(Prerequisites: Accounting 1, 2)  

ACCOUNTING 4 (MBCC) Academy of Business and Hospitality

This is a one-semester, one-hour block course places emphasis on the preparation, analysis, and interpretation of financial statements, the treatment of tangible and intangible assets,accounting for accruals and deferrals, and financing options for acquiring capital for growth and development are explored.  Various supplemental accounting projects involving the use of spreadsheets will be assigned. Students may participate in Business Professionals of America (BPA) or Distributive Education Clubs of America (DECA) Competitions. Course may count as a math course if taken during senior year  

(Prerequisite: Accounting 1, 2, 3)

BUSINESS TECHNOLOGY & MANAGEMENT 1 (MBCC) Academy of Business and Hospitality

This is one-semester, one-hour block course will help prepare students for successful use of technology and business management concepts throughout high school, as well as in college and/or career. Students will develop and expand the 21st Century skills necessary for future success in the workforce. These skills include communication, problem solving, critical thinking, leadership, teamwork, and employability. Students will also be expected to demonstrate the use of the Internet for educational and professional purposes. Students will regularly use electronic means to communicate. In addition, use of word processing, presentation, and spreadsheet software will be expected. Students will improve their  computer skills to increase their knowledge, use, and productivity. The course includes an introduction to the world of management, ethics and legal training along with a look at International business. Students will have the opportunity to earn Microsoft Office Specialist (MOS+) certificates in Word, Excel and Powerpoint. Approved for Computer Applications. Students may participate in Business Professionals of America (BPA) or Distributive Education Clubs of America (DECA) Competitions.

BUSINESS TECHNOLOGY & MANAGEMENT 2 (MBCC) Academy of Business and Hospitality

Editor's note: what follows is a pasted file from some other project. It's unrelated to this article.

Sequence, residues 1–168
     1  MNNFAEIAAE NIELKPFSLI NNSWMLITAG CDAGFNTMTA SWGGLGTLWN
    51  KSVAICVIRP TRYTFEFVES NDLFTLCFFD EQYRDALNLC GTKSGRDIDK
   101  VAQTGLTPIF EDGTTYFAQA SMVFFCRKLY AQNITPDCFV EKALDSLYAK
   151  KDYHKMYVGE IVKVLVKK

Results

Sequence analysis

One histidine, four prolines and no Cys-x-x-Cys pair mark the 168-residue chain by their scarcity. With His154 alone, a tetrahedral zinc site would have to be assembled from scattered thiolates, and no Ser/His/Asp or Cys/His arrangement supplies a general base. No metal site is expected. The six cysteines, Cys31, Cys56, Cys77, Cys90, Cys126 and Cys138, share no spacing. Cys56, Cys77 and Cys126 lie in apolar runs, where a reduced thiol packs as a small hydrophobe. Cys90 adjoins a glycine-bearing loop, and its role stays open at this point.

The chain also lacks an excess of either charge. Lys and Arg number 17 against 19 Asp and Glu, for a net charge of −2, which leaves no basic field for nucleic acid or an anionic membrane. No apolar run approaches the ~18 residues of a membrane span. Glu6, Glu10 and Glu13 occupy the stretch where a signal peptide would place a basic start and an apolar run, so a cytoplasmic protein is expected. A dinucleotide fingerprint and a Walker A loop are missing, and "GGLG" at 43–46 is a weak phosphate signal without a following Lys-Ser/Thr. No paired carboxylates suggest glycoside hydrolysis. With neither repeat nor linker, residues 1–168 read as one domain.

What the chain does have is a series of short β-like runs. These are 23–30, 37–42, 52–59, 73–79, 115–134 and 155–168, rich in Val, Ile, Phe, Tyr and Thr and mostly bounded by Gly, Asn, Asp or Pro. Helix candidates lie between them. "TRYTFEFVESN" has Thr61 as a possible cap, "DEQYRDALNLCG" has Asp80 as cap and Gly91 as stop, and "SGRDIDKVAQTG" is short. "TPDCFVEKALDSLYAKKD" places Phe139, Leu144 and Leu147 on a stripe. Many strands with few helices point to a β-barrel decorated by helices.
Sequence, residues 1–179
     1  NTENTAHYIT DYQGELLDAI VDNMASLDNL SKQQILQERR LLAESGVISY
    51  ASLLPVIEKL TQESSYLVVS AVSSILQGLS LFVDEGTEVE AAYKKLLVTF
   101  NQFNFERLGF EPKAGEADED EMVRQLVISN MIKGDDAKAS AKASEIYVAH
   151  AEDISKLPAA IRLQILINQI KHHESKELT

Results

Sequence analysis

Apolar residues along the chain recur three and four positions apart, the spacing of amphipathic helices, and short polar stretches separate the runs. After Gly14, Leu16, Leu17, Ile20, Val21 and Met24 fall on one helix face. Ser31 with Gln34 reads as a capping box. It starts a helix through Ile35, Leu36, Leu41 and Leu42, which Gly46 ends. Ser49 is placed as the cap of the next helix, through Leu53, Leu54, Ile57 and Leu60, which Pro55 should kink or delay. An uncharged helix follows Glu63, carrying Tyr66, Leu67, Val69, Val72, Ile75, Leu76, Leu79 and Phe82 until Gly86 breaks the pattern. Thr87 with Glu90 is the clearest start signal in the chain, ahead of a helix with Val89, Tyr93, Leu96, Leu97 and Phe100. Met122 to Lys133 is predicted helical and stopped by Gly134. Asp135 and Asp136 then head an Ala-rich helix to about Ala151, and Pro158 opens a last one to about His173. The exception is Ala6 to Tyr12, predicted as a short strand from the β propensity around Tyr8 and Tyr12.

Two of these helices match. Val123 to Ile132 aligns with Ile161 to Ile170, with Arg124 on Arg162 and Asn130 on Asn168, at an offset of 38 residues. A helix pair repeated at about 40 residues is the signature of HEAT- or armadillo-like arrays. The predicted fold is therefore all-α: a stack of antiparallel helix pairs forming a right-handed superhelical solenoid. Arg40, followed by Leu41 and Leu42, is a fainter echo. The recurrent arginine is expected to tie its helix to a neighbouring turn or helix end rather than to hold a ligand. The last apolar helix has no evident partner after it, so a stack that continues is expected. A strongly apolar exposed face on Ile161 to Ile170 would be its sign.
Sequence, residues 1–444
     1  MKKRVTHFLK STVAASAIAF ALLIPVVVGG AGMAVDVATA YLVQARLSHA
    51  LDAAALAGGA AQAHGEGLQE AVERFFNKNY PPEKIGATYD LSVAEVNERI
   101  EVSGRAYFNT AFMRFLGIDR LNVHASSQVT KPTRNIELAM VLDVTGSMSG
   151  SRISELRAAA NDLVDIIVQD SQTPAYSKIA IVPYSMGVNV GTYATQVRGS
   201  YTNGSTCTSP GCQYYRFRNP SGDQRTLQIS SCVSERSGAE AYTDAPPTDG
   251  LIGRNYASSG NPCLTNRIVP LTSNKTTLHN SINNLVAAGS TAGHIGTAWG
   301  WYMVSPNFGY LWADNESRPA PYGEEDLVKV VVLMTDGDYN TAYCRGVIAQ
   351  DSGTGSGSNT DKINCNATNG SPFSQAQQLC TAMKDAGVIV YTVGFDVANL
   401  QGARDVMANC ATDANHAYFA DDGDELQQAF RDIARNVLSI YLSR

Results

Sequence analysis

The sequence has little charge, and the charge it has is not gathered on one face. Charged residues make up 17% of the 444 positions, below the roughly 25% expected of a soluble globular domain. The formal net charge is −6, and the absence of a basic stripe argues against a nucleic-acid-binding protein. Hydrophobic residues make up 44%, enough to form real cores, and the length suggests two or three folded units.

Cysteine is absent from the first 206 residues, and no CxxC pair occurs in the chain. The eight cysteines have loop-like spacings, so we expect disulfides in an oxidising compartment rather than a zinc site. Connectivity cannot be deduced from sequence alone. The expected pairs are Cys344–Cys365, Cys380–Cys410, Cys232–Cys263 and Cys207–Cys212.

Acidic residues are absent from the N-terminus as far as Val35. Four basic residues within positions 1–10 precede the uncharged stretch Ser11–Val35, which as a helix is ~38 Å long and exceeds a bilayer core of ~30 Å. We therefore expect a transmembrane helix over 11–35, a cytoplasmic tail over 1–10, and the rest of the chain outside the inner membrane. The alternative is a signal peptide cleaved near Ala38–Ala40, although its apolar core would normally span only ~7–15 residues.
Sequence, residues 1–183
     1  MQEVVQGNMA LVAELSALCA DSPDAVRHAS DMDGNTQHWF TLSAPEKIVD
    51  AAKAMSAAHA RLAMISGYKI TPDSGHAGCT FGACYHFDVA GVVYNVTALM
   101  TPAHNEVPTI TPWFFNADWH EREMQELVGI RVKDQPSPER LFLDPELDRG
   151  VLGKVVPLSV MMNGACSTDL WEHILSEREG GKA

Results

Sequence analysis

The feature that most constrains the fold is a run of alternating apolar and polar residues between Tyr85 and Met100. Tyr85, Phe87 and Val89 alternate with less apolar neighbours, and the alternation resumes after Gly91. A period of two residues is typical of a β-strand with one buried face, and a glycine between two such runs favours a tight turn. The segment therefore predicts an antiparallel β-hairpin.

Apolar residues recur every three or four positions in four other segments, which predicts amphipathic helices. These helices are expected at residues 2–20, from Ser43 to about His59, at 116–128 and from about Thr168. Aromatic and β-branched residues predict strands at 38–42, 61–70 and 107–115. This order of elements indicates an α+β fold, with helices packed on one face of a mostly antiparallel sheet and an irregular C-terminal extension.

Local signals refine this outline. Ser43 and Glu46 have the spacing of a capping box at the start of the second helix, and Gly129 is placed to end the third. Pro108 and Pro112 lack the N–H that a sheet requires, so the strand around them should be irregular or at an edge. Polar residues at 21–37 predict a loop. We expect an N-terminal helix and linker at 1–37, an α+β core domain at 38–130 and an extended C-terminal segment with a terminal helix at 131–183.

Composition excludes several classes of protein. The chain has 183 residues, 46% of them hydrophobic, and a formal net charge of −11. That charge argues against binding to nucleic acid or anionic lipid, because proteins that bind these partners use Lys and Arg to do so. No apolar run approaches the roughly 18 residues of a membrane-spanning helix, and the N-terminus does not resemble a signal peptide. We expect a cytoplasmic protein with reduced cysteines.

This one-semester, one-hour block course will build upon the skills obtained and focus on business planning, operations management/project management, human resources, economics, entrepreneurship, and financial analysis. Students will complete many projects that bring back knowledge learned throughout the first semester including resumes, cover letters, and a digital portfolio. Students will also get a chance to earn more Microsoft Certifications and Precision Exam Certificates. Approved for Computer Applications.  Students may participate in Business Professionals of America (BPA) or Distributive Education Clubs of America (DECA) Competitions.

(Prerequisite: Business Technology & Management 1)

ENTREPRENEURSHIP 1 & 2 (MBCC) Academy of Business and Hospitality

This full-year, one-hour block course will allow students to gain an understanding of the marketing and management principles necessary to start and operate their own business. They will develop an awareness of the opportunities for small business ownership and develop the planning skills needed to open a small business.  Students will become aware of the traits and characteristics of successful entrepreneurs. Students will gain an awareness of knowledge needed in research, planning and regulations affecting the small business and the means of financing a small business. They will understand the specific strategies of business management and marketing and the economic role of the entrepreneur in the market system. Entrepreneurship is designed for students with a focus in business, finance, or marketing, and/or other courses, who have an interest in developing the skills, attitudes, and knowledge necessary to become a successful entrepreneur.